Statement by Mr Mogens Lykketoft, President of the 70th session of the General Assembly at Informal Plenary Meeting of the General Assembly to commemorate the 70th anniversary of the first meeting of the General Assembly
11 January 2016
Mr Secretary General, Excellencies, distinguished delegates, you are all very welcome to this commemoration of the first meeting of the UN General Assembly.
On 10 January 1946, 51 nations came together at Westminster Central Hall in London, England.
Building on the success in San Francisco the previous June, Dr. Eduardo Zuleta Angel of Colombia called to order the first meeting of the General Assembly.
Among the many people who participated in that meeting was Sir Brian Urquhart, a British government official who went on to serve the United Nations over four decades. I am delighted that Sir Urquhart has been able to join us here today.
That first meeting had a number of interesting features.
It lasted, for instance, just over one hour!
During that time, only one decision – the election of the President – was taken.
That decision, however, went to a vote.
The drama of the time was that, Mr Trygve Halvdan Lie of Norway, lost out in the vote to Mr Paul-Henri Spaak of Belgium.
Mr Lie of course need not have worried too much for he went on to become the first Secretary-General a mere three weeks later.
Interestingly, but not surprisingly, not one of the Permanent Representatives that day were female – a matter which remains a concern today where only 18% of PRs are female.
These features and imbalances aside, Excellencies, the first meeting of the General Assembly was without any doubt the beginning of something special.
It was a major step forward by what is now commonly referred to as the international community.
Following a horrific period of war, destruction, genocide and nuclear bombings, nations of the world deliberately decided to come together.
They decided to choose the only genuine path to achieve global peace, security, justice, human rights and social advancement.
And in the General Assembly, they created the one true space in which ‘We the peoples’ – voices both big and small – would be heard.
At the time of this first meeting, however, vast areas of the world, especially in Africa, remained under colonial domination.
Today, with 193 members representing 99.5 % of the world’s population, the General Assembly has become the single most representative, deliberative body in the world.
Speaking eloquently about his hopes for the Assembly, Dr Angel stated, and I quote:
‘An inner voice tells us that, animated by a broad and sincere feeling for humanity, we can lift up our hearts and bring to bear on the problems of peace the spirit of cooperation, the tenacity of purpose, the self-sacrifice and the technical effort, which, when applied to the dramatic problems of war, led to the splendid triumph of the democracies that has enabled us to meet here to-day.’
During the past 70 years, this Assembly has succeeded in raising hearts and demonstrating a spirit of cooperation on many occasions.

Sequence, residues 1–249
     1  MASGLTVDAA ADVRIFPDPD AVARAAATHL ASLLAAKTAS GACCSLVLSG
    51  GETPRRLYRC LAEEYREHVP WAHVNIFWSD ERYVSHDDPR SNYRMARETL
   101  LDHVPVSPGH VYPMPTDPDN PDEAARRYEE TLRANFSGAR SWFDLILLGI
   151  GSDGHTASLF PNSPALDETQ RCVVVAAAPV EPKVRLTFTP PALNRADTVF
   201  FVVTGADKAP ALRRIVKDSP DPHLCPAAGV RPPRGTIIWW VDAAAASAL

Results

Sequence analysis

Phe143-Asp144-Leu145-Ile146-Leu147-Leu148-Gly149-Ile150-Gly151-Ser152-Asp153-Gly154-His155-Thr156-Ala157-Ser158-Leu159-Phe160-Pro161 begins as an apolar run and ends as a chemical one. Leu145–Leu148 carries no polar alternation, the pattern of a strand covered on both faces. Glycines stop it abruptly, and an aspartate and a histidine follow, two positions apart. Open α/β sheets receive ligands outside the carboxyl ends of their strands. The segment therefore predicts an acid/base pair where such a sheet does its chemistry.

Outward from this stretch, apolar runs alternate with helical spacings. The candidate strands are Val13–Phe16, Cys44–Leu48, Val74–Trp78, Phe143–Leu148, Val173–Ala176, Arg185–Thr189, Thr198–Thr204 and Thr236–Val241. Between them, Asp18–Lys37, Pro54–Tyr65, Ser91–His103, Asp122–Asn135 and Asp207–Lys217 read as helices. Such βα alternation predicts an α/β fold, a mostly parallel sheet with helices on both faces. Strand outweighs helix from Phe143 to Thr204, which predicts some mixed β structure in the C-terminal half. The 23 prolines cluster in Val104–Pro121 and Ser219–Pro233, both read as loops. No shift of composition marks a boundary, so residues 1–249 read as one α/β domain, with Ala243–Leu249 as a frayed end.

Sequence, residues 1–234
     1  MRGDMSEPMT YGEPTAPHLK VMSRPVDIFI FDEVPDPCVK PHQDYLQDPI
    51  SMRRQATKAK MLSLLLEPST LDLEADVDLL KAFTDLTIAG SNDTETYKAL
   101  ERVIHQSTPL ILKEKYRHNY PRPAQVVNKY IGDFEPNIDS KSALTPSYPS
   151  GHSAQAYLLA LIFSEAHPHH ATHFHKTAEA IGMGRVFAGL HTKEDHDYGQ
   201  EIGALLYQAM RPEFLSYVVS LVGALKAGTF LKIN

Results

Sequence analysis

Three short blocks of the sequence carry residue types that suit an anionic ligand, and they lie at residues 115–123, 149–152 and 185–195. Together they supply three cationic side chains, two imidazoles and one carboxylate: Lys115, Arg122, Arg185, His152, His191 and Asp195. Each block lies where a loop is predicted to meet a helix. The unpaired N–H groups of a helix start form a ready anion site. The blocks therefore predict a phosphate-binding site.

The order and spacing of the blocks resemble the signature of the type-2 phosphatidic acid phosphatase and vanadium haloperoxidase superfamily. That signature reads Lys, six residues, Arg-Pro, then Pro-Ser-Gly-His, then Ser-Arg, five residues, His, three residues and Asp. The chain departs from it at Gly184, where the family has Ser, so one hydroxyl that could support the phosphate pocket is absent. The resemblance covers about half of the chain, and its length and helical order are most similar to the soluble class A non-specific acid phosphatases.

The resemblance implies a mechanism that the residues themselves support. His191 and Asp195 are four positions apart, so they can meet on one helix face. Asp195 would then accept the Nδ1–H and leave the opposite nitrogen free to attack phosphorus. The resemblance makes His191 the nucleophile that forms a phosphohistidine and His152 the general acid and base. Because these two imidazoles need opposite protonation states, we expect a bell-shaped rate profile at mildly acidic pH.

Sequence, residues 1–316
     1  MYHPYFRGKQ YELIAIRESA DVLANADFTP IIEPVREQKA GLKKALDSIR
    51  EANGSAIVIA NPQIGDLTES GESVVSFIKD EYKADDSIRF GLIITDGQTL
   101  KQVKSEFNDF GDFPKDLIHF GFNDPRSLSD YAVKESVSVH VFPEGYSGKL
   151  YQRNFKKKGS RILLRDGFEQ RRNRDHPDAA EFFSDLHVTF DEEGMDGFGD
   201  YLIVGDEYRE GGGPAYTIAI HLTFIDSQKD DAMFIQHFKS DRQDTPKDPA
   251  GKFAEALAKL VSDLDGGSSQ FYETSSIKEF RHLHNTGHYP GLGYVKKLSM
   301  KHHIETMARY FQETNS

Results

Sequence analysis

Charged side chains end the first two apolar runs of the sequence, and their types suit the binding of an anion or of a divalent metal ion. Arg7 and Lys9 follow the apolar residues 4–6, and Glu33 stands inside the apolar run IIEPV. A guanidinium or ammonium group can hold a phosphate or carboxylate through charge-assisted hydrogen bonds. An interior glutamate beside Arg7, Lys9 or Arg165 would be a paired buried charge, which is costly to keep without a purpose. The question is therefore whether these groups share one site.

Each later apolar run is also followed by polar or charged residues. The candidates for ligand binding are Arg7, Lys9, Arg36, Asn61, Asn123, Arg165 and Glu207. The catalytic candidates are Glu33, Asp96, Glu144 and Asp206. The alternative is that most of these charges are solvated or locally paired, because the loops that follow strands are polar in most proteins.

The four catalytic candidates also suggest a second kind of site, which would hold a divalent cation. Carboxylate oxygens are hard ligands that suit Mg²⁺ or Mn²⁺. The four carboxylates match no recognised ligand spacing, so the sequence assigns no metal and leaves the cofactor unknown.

Within a month of its first meeting, it had already established the goal of eliminating all nuclear weapons and other weapons “adaptable to mass destruction”.
By year end, some 106 further resolutions had been passed.
Those resolutions established the World Health Organization and what would later become UNICEF.
They addressed issues such as the political rights of women, the plight of refugees, the right to self-determination, genocide and civil society participation.
And they took decisions on a series of issues pertaining to the functioning of the United Nations – including one that will be high on our agenda this year: the appointment of the Secretary-General.
In this anniversary session, we too can be proud of the results we have achieved so far, building on the excellent work of previous sessions.
Most notably, in 2015, by agreeing the Addis Ababa Action Agenda, the 2030 Agenda and the Paris Climate Agreement, multilateralism has reasserted itself – and rightfully so.
These agreements provide us with the strongest evidence yet that when we put our minds to it and accept our interdependencies, this diverse Assembly of nations can lay the foundations for great progress in our world.
During the rest of this session, we must continue in this vein.
Now, we must bring forward specific actions, engage all people, young and old, and build alliances with other actors so as to drive implementation of these agreements.
We must also expand the spirit of cooperation of 2015 into every area of work of the General Assembly in 2016.
Prior to the holidays, we saw this spirit in each of the six Main Committees, including the Fifth Committee, which concluded its work on 23rd December – a remarkable feat in itself, even if it really should not be!
Now, we must apply even greater conviction to addressing, amongst others, extreme poverty, the ongoing global humanitarian and refugee crisis, the ever-increasing number of deadly conflicts in our world and the rise of violent extremism.
This will not be easy.
We will not solve all problems.
But we can and we must continue do all we can to lift as many hearts as possible.
Excellencies, on Saturday, in a peculiar twist of fate, I too celebrated my seventieth birthday.
Like this Assembly, I have had my share of successes and disappointments.
Like this Assembly, on certain occasions, I too might have done better.
Ultimately, however, our energies are best placed in taking action in the present and for the future.
70 years since its first meeting, this Assembly continues to embody the hopes of billions of people across the world.
We, the current custodians of this Assembly, have a duty to both protect, preserve and increase its legitimacy.
And we, the peoples, must do all we can to move ever closer to the world of peace, justice, human rights and prosperity envisaged 70 years ago.